Posted: 24 Apr 2014 07:30 PM PDT

Birds in the exclusion zone around Chernobyl are adapting to -- and may even be benefiting from -- long-term exposure to radiation, ecologists have found. The study is the first evidence that wild animals adapt to ionizing radiation, and the first to show that birds which produce most pheomelanin, a pigment in feathers, have greatest problems coping with radiation exposure.

High-voltage transmission lines to act as antenna in first-of-its-kind NASA space-weather project

Posted: 24 Apr 2014 04:44 PM PDT

A NASA scientist is launching a one-to-two-year pilot project this summer that takes advantage of U.S. high-voltage power transmission lines to measure a phenomenon that has caused widespread power outages in the past.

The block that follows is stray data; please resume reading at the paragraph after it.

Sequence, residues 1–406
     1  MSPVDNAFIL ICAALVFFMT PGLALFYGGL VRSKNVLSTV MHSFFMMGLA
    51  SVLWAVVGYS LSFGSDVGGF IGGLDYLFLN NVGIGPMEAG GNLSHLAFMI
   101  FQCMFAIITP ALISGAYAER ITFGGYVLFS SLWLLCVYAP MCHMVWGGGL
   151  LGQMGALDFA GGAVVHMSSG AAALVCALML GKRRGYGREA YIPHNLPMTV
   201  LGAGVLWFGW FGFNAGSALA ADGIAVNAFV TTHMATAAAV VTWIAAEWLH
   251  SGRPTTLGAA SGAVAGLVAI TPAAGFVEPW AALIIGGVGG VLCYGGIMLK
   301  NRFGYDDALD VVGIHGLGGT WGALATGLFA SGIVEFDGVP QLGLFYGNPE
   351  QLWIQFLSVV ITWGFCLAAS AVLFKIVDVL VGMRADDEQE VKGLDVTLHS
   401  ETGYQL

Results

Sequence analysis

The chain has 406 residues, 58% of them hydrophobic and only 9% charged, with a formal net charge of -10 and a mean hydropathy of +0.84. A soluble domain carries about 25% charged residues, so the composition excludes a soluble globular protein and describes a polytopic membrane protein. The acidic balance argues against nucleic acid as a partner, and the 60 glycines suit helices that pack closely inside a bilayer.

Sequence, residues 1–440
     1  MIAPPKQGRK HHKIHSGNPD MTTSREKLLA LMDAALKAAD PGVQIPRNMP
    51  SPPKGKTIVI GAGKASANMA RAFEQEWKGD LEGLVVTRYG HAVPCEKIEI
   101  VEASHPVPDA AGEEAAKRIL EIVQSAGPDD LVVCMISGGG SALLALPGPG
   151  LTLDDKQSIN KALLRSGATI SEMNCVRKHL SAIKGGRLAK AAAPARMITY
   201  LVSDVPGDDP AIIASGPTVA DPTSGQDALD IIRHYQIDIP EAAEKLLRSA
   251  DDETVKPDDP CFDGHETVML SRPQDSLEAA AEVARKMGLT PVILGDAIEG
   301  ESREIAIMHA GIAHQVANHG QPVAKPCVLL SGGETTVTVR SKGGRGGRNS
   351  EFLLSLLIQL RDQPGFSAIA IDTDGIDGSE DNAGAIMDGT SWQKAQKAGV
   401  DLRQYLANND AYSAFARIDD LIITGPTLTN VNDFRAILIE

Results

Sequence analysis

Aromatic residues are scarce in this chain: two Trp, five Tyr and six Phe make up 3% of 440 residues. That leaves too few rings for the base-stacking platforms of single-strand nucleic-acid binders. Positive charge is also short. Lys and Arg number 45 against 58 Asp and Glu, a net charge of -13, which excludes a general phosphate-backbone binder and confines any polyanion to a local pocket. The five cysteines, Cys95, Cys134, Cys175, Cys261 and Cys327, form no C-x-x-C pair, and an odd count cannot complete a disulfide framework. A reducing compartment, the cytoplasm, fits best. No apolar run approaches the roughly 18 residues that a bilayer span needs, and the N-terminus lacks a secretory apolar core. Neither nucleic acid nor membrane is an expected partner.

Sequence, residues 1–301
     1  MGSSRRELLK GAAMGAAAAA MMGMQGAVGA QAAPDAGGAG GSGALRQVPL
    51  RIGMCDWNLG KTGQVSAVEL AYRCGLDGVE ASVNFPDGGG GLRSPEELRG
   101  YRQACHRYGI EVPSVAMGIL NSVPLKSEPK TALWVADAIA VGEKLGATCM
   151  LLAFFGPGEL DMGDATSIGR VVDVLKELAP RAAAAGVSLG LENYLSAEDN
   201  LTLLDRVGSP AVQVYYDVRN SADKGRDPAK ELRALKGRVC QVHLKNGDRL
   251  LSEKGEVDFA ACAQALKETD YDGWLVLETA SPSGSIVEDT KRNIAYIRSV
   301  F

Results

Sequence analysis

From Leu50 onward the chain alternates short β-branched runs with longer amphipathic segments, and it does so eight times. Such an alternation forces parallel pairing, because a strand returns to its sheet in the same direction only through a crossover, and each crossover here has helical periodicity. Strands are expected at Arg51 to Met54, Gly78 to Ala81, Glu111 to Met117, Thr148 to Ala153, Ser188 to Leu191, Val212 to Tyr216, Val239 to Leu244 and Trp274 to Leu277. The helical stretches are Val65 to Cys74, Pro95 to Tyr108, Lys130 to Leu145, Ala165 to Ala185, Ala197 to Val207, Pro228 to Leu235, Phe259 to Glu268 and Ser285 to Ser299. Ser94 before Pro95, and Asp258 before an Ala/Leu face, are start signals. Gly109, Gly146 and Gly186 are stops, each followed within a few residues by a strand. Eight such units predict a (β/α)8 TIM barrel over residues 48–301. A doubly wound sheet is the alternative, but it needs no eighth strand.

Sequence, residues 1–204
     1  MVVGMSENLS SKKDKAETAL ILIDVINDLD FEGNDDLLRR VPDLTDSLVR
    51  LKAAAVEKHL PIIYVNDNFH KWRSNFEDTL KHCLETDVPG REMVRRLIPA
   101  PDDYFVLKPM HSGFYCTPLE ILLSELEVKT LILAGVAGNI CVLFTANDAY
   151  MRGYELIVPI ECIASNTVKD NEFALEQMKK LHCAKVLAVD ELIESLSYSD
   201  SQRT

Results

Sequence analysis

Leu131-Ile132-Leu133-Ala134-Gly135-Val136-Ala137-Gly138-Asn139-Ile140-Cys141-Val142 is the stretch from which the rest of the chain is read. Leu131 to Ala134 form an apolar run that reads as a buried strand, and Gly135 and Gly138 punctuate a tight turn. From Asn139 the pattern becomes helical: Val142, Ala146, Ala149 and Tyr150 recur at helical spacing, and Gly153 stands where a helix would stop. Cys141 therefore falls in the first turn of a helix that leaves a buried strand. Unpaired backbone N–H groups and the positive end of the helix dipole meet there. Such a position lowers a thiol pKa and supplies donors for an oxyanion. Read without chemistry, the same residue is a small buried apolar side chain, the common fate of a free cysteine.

Asteroids as seen from Mars -- A Curiosity rover first

Posted: 24 Apr 2014 04:41 PM PDT

A new image from NASA's Curiosity Mars rover is the first ever from the surface of Mars to show an asteroid, and it shows two: Ceres and Vesta. These two -- the largest and third-largest bodies in the asteroid belt between Mars and Jupiter -- are the destinations of NASA's Dawn mission. Dawn orbited Vesta in 2011 and 2012, and is on its way to begin orbiting Ceres next year. Ceres is a dwarf planet, as well as an asteroid.

Computer program could help solve arson cases

Posted: 24 Apr 2014 02:05 PM PDT

Sifting through the chemical clues left behind by arson is delicate, time-consuming work, but researchers teaming with police scientists have found a way to speed the process. A computer program can cut the need for extra levels of human analysis, reducing the waiting time to find out the cause of a deliberately set fire.

Controlling brain waves to improve vision

Posted: 24 Apr 2014 02:05 PM PDT